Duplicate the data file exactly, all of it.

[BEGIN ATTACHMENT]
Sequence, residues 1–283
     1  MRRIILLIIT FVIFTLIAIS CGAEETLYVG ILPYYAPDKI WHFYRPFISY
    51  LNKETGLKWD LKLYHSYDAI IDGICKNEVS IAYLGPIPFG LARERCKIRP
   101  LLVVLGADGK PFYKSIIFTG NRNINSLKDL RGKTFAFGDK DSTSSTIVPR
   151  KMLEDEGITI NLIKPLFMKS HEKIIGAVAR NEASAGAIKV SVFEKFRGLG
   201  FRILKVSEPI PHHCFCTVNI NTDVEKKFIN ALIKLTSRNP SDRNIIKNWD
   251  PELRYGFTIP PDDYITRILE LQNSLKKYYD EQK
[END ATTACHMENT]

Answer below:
Sequence, residues 1–283
     1  MRRIILLIIT FVIFTLIAIS CGAEETLYVG ILPYYAPDKI WHFYRPFISY
    51  LNKETGLKWD LKLYHSYDAI IDGICKNEVS IAYLGPIPFG LARERCKIRP
   101  LLVVLGADGK PFYKSIIFTG NRNINSLKDL RGKTFAFGDK DSTSSTIVPR
   151  KMLEDEGITI NLIKPLFMKS HEKIIGAVAR NEASAGAIKV SVFEKFRGLG
   201  FRILKVSEPI PHHCFCTVNI NTDVEKKFIN ALIKLTSRNP SDRNIIKNWD
   251  PELRYGFTIP PDDYITRILE LQNSLKKYYD EQK